A framework for sleep staging based on unobtrusive measurements
Vijgh, B.H. van der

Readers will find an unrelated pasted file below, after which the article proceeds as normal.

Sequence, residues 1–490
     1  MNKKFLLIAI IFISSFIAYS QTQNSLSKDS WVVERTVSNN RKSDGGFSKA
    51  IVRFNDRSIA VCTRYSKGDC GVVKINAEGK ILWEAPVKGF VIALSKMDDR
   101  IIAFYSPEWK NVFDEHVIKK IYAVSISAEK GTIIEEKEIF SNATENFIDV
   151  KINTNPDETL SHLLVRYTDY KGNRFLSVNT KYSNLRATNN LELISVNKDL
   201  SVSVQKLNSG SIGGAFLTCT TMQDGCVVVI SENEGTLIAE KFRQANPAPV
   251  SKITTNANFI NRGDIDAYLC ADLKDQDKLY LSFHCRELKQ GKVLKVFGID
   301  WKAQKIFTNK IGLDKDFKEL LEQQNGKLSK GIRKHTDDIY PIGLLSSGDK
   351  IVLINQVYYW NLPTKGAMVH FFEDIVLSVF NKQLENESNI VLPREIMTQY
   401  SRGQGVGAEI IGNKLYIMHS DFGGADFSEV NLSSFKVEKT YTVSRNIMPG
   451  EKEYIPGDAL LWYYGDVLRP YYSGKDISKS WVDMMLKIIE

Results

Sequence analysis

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For diagnosis and research purposes, a person's sleep should be objectively quantified. Traditionally, sleep staging is performed by human experts via visual inspection of polysomnographic (PSG) data measured during the sleep period. There are several drawbacks to this golden standard: the data are acquired in a rather obtrusive manner and not in the natural sleep environment of the sleeper, hereby affecting the sleep. Furthermore, this manual scoring is time consuming and prone to human errors. Automatic sleep staging models exist but typically perform binary classifications, e.g. sleep/wake, REM/NREM or light/deep sleep classification and on the whole use obtrusively obtained measurements. In this research we aim to develop a framework for classifying sleep stages from unobtrusive measurements, being measurements during which the participant is not disturbed and no sensors are attached. Our current implementation is presented that constructs 3- and 4-step hypnograms (containing wake, REM and NREM in the 3-step hypnogram and wake, REM, light sleep and deep sleep in the 4-step hypnogram) utilizing body movement and respiration rate biosignals obtained during sleep. This current implementation of the framework consists of three modules that each use a unique way of interpreting one or more of these biosignals and a fusion process. The modules partly employ adapted versions of existing models for sleep stage classification and partly newly developed models, grounded in sleep physiology. The modules classify epochs of a person's sleep based on one or more biosignals and relevant subject parameters such as age and gender. The framework ensures that each epoch is classified by at least two different modules. A specialized fusion process analyses the output from the different modules, merges the output into a final hypnogram and calculates a confidence level for each epoch classification. To compare the sleep stages as derived from the current implementation of the framework with the golden standard, a secondary analysis on an existing data set of 23 participants is performed. The results are promising and show potential: the three modules perform binary classifications with 90%, 85% and 72% agreement to the golden standard, the fusion process corrects 61% of the classifications on which the modules disagree and fuses the binary classifications in definitive 3- and 4-step hypnograms. During this process the overall agreement drops significantly because all erroneous classifications of the modules are added up, but due to the correction of erroneous classifications by the fusion process these hypnograms maintain 69% and 51% agreement with the golden standard, respectively. This degree is expected to increase significantly when the existing modules are improved, additional modules are added to allow the fusion process to correct more erroneous classifications and the parameterization of the modules is done simultaneously. Also, the framework contains various technical advancements not found in other contemporary sleep staging methods. Exemplary here is the great flexibility of the framework, enabling the researcher or clinician to easily add, remove or alter modules. Also complete parameterization, ensuring that at all times the clinically relevant parameters of the participant are taken into account, can be mentioned here. The current implementation of the framework is expected to be a basis for unobtrusive sleep staging that can be performed in the natural sleep environment of the sleeper and without influencing or disturbing sleep, hereby potentially lowering the threshold for (preliminary) sleep diagnostics, research and therapy.